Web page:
"On Being A sCientist"

First published in 1988 and now updated, On Being a Scientist presents discussions of the social and historical context of science, the allocation of credit for discovery, the scientist's role in society, the issues revolving around publication, and many other aspects of scientific work. The booklet explores the inevitable conflicts that arise when the black and white areas of science meet the gray areas of human values and biases.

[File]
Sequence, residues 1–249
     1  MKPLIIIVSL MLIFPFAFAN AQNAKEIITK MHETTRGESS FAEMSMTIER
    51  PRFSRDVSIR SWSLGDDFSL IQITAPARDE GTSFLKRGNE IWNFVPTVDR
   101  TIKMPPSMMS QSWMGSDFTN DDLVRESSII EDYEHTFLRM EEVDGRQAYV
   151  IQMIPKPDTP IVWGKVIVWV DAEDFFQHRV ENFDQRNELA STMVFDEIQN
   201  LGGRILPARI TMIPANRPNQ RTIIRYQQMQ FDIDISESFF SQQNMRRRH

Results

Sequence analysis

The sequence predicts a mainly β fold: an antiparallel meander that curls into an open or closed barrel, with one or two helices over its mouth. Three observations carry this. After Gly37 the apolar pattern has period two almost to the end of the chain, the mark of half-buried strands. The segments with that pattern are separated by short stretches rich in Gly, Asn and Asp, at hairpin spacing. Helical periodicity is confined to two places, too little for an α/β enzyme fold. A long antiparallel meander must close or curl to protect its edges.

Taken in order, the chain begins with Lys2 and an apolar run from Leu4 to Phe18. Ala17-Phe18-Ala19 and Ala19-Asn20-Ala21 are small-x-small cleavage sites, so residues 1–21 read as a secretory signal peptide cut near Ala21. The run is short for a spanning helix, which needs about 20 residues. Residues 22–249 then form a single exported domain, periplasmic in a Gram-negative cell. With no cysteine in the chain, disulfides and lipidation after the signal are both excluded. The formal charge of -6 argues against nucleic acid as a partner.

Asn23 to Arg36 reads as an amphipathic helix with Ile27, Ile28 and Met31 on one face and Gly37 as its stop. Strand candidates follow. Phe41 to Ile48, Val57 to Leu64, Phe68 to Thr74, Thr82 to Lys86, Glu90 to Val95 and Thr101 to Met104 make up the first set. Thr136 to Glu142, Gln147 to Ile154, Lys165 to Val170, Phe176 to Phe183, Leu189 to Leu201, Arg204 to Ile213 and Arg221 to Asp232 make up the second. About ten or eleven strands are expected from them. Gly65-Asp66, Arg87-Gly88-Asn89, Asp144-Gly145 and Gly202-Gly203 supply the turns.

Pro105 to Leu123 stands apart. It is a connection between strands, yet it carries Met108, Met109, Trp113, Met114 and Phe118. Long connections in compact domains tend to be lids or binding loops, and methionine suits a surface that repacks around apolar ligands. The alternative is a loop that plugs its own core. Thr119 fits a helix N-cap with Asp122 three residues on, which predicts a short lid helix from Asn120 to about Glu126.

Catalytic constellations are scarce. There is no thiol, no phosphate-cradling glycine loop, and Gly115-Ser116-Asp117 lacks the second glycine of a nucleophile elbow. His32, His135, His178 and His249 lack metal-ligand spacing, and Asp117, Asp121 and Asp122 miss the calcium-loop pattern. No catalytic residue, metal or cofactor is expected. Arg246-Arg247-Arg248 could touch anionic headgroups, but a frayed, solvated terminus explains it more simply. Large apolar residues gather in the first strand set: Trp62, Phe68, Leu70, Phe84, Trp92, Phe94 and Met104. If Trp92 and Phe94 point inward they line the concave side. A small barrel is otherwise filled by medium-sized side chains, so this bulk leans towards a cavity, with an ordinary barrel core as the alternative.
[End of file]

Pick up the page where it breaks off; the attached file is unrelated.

"Researchers have the opportunity to associate with colleagues who have made important contributions to human knowledge, with peers who think deeply and care passionately about subjects of common interest, and with students who can be counted on to challenge assumptions. With many important developments occurring in areas where disciplines overlap, scientists have many opportunities to work with different people, explore new fields, and broaden their expertise. Researchers often have considerable freedom both in choosing what to investigate and in deciding how to organize their professional and personal lives. They are part of a community based on ideals of trust and freedom, where hard work and achievement are recognized as deserving the highest rewards. And their work can have a direct and immediate impact on society, which ensures that the public will have an interest in the findings and implications of research."